Brain Pickings

Posts Tagged ‘documentary’

05 AUGUST, 2011

Typography in 7 Minutes: A PBS Micro-Documentary

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Visibility, invisibility, and what the spirit of letters has to do with the meaning of text.

On Monday, we featured 10 essential books on typography. Today, we turn to this fantastic short documentary on, you guessed it, typography from the excellent Off Book series by PBS Arts. In just 7 minutes, the film explores type — ubiquitous yet often unnoticed and misunderstood — through the work of some of today’s most iconic type designers and freshest voices, from Brain Pickings favorite Paula Scher to our friends at Hyperakt, masters of the infographic form, as well as legendary duo Jonathan Hoefler and Tobias Frere-Jones, and Pentagram prodigy Eddie Opara.

Words have meaning and type has spirit, and the combination is spectacular.” ~ Paula Scher

From the selection and sometimes bespoke creation of fitting typefaces for every print publication, website, movie, ad and public message, to how computers have liberated and democratized typography, to the design decisions behind creating compelling infographics, the microdocumentary offers a succinct case for the power of typography as a communication medium and a storytelling device.

The most challenging part of working on an infographic is taking all the available data and deciding what is the most important bit of information that we need to communicate. Infographics are about typography getting out of the way of the message.” ~ Deroy Peraza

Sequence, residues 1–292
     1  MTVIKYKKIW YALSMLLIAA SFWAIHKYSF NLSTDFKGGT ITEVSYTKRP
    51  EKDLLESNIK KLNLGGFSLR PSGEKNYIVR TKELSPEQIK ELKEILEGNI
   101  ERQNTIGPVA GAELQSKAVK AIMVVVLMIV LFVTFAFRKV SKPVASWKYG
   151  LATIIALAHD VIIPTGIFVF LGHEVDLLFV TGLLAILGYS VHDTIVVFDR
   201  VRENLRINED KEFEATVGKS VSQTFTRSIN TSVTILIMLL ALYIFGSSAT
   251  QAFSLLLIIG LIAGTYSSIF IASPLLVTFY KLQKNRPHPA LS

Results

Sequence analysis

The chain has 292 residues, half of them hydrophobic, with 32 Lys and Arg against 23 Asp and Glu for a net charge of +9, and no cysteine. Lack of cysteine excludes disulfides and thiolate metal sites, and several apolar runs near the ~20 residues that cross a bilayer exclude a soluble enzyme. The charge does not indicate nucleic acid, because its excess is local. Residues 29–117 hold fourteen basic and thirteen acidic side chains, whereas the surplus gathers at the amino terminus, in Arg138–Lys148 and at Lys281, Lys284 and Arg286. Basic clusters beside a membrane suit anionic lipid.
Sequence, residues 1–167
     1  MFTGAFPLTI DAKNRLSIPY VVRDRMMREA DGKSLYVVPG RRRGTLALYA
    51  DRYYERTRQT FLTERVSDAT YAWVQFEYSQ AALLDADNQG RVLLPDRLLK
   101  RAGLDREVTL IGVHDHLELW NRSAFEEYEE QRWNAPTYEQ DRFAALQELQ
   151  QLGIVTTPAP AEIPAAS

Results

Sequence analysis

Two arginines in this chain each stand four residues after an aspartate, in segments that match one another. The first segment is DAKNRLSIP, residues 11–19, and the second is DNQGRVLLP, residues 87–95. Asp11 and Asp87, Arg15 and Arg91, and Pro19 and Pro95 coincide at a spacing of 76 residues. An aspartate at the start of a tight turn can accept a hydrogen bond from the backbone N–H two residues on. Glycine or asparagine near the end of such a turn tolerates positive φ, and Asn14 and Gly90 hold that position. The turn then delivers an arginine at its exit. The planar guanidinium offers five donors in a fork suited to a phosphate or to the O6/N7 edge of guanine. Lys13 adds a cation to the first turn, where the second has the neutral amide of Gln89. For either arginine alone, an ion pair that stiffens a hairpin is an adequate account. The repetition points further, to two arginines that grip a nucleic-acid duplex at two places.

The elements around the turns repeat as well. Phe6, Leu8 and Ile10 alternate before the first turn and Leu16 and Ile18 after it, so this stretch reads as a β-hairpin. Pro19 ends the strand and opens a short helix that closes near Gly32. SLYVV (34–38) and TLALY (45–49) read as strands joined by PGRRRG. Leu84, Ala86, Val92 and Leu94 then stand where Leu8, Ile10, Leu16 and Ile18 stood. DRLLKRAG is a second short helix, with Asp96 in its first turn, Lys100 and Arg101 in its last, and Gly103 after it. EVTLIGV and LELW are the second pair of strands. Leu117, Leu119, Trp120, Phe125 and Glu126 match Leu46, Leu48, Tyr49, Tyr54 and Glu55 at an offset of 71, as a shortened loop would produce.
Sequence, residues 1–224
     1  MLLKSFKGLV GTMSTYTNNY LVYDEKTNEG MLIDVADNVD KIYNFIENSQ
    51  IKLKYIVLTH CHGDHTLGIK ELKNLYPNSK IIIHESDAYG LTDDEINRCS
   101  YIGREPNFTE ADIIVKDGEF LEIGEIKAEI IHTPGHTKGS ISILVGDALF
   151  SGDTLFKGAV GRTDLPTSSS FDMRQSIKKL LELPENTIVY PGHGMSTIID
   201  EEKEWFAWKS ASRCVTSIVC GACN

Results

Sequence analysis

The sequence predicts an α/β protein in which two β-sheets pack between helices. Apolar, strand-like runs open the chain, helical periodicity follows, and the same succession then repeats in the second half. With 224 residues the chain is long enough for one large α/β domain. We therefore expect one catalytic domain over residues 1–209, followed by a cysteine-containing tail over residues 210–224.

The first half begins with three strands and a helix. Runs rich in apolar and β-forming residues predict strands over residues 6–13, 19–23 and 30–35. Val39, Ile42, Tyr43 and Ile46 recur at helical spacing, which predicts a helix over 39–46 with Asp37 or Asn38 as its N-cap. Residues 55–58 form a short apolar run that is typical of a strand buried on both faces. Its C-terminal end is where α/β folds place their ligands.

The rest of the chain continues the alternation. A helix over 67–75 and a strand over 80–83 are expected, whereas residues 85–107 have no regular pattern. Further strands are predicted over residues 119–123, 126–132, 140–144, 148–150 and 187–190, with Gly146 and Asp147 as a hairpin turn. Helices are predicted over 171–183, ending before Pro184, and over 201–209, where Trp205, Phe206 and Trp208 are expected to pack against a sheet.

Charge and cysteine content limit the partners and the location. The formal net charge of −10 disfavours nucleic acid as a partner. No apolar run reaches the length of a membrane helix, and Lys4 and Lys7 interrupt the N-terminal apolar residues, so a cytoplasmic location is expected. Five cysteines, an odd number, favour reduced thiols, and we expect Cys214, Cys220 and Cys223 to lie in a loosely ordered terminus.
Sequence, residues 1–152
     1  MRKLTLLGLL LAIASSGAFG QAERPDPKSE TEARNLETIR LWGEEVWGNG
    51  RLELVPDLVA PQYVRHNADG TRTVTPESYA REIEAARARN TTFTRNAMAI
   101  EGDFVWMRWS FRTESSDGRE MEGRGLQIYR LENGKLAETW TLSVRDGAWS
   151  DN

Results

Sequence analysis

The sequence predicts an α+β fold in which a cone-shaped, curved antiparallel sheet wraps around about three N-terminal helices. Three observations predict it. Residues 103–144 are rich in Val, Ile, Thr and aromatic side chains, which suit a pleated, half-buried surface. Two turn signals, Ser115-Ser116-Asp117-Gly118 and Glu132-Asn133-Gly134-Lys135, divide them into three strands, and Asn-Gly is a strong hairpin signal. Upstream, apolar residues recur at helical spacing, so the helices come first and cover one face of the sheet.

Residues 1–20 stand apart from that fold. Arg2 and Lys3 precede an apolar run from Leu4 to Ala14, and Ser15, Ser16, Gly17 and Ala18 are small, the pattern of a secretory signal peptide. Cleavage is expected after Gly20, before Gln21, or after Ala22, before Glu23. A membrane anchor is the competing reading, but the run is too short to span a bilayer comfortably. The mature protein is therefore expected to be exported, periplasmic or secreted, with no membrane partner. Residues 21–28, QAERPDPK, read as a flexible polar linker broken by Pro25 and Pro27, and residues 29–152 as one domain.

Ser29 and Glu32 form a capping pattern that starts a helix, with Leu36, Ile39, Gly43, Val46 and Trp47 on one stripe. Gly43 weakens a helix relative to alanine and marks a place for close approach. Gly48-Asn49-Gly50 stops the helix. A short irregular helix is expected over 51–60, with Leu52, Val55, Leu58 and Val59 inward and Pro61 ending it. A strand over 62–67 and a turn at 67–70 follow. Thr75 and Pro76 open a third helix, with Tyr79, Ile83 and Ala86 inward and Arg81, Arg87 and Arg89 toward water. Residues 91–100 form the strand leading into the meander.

I determine how I design something based on the audience and what the audience would bear. Evoke the response you want while pushing the audience to see something perhaps in a new way.” ~ Paula Scher

For more, feast your type-loving heart on these 10 timeless books about typography.

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03 AUGUST, 2011

Paleo-Pundit: 1963 Educational Film about Lasers

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What microwave oscillators have to do with ray guns and the fundamentals of creativity.

Archival footage can be an endless source of paleofuture edutainment. We’ve previously enjoyed vintage educational documentaries on everything from the art of bookbinding to the dawn of computer music. Today, we turn to a 1963 educational film from Bell Laboratories. Titled Principles of the Optical Maser, it introduces the “optical maser” — the device that came to be known as “laser,” or Light Amplification by Stimulated Emission of Radiation, the first functioning Bell prototype of which made its debut in 1960. (A laser, in most basic terms, is merely a maser that works with photons in the light spectrum.)

More than anything, delightfully dorky as the footage may be, it’s also an illuminating glimpse of incremental innovation at work — a reminder that even the most advanced technologies of our time built upon the work of those who came before, as Steven Johnson keenly argues in his excellent Where Good Ideas Come From

via Laughing Squid